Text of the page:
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Supreme Court judge expressed ‘relief’ at Lord Sumption’s resignation in previously unseen email exchange

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Made public through FOI request

Lord Hodge and Lord Sumption

Lord Sumption’s decision this year to withdraw from a list of former judges who can sit part-time in the Supreme Court appears to have been welcomed by at least one of the court’s most senior members.

In an email exchange made public by a freedom of information request, Sumption, 72, hands in his resignation from the Supreme Court supplementary panel “in view of public criticisms which I was making of the government”.

“I very much doubt whether it will be appropriate for me to sit again at any time in the next three years which remain before I reach the age of 75,” Sumption writes in an email to Supreme Court president, Lord Reed, in January, and recently made public thanks to the efforts of blogger Gabriel Kanter-Webber. “Unless you disagree, I think that the time has come for me to withdraw from the supplementary list.”

Reed replies: “I think that is the right decision, given your high public profile in relation to controversial questions of public policy.”

He tells the court’s chief executive, Vicky Fox, and the deputy president, Lord Hodge that he has accepted Sumption’s resignation.

Hodge replies to Reed and Fox: “That is a relief.”

Sumption was appointed a justice of the Supreme Court in January 2012. He retired in December 2018 at the age of 70, as required by the law. Shortly afterwards, he was invited to join the court’s supplementary panel.

The former Supreme, known for his wacky ties, has been an outspoken critic of the government’s handling of the coronavirus pandemic, frequently arguing that measures taken to curb the spread of the virus have been an attack on personal liberties.

Last summer Sumption admitted to flouting some coronavirus laws he described as “absurd”. He also received the unlikely backing of tech titan Elon Musk when he wrote an article for the Daily Mail slamming UK lockdown restrictions.

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Sumption’s name disappeared from the supplementary panel section on the Supreme Court’s website some months ago, according to members of the legal Twitterati, which led some to speculate the reason behind his departure and reach out to the court for information.

Barrister Adam Wagner pointed out that a “code of conduct” for supplementary panel members now appears on the Supreme Court’s website, and was “last updated [in] August 2021”. It states, among other things, that panel members’ extra-judicial activities are “relevant to the court’s reputation” and that they should therefore “exercise discretion as to whether their retirement activities might compromise their independence or impartiality”.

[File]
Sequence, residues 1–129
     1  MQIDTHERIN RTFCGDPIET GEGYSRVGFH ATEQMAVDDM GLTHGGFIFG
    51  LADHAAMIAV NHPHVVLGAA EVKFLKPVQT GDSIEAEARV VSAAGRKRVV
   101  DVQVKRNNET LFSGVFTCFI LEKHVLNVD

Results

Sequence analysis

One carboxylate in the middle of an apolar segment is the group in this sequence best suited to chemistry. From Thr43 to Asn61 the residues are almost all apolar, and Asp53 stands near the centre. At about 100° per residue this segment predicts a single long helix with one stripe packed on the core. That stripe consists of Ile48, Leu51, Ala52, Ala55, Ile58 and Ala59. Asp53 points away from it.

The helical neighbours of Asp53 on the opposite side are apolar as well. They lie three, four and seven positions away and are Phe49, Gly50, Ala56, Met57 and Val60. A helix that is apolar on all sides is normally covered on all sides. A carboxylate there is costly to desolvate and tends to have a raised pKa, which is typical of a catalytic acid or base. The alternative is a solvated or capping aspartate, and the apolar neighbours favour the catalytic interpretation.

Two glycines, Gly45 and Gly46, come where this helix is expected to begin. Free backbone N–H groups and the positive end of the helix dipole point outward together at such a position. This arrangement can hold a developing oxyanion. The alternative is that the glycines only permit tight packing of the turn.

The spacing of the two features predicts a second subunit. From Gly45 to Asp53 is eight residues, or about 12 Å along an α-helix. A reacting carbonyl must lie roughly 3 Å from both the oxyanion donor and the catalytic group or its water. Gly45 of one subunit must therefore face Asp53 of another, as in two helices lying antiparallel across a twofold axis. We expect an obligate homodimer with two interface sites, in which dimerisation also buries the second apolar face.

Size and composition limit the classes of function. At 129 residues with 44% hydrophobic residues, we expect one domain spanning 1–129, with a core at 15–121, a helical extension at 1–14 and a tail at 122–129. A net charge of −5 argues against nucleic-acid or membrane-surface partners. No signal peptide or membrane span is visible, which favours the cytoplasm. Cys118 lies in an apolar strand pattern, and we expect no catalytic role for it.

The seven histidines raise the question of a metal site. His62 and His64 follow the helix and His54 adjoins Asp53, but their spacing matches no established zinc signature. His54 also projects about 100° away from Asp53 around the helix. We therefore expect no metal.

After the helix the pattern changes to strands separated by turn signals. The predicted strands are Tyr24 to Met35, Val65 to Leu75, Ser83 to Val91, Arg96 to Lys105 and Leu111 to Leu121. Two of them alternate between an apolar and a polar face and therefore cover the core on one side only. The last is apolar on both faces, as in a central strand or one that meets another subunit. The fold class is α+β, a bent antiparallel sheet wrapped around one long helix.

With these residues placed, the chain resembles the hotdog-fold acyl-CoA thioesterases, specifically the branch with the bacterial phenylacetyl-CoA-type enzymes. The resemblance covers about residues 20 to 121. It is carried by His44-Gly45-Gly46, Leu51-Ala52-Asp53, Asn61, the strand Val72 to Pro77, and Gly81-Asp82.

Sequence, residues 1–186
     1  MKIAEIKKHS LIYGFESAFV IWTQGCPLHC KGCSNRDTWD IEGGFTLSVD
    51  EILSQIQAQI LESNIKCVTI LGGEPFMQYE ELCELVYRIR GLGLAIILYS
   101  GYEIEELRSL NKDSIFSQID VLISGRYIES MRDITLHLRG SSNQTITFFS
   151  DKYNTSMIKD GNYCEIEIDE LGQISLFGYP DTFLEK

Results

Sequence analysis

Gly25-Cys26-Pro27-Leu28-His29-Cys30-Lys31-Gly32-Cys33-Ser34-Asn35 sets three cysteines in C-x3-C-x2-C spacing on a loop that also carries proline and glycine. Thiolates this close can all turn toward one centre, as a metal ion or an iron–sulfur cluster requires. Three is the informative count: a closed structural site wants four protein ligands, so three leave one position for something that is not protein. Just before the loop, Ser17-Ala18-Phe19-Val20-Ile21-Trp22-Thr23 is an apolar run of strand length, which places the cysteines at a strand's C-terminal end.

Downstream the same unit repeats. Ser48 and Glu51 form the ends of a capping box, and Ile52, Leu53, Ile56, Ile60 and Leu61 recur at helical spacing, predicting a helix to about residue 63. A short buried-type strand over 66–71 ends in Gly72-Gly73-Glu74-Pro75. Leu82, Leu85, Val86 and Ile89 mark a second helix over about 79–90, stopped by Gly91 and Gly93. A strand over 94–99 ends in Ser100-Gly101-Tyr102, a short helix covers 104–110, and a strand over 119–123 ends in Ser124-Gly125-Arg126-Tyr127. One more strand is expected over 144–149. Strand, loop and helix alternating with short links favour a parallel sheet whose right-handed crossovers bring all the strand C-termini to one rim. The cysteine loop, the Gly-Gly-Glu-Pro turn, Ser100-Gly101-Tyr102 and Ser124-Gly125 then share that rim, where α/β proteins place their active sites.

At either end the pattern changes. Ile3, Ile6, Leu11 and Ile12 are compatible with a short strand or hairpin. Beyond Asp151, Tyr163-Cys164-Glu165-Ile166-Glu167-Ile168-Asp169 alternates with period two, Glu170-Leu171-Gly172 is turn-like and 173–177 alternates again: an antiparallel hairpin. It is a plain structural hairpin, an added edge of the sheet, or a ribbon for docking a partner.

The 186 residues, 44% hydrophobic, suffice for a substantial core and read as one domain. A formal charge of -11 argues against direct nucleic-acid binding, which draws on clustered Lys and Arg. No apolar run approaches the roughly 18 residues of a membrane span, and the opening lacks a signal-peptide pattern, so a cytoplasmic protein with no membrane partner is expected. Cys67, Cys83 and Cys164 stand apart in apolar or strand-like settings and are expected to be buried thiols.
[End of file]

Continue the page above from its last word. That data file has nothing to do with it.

The Supreme Court has been approached for comment.

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30 Comments

Martin

Is it any surprise that those in administration (be it the government or the courts) dislike FOI, when it can be used to get pointless comments like these?

Marc

Couldn’t agree more! Civil servants working in the justice sector have enough on their plate without having to spend time on a completely unnecessary FOI.

Just Anonymous

In my view, nothing to see here except a sensible application of common sense by all relevant parties.

I generally agree with Lord Sumption’s lockdown views. But you can’t express such views as stridently as he has and continue to judge.

Either stay silent and judge; or retire fully and give all the media interviews you like.

It’s one or the other. You can’t do both.

Anonymous

Problem with that is that approach bias doesn’t disappear, it just remains hidden.

Barry

So then why have judges at all, everyone has bias in one form or another. We have to trust in them to be able to make objective judgments. I know it is very trendy to see bias in everything and treat it as some form of unavoidable original sin, but most sensible people can be objective when the time calls for it.

Anonymous

The problem is that too many judges aren’t objective. It is desirable that judges be free to express opinions, but if those opinions show that they’re not impartial then they shouldn’t be allowed to judge on those matters. It shouldn’t be too difficult to find impartial judges.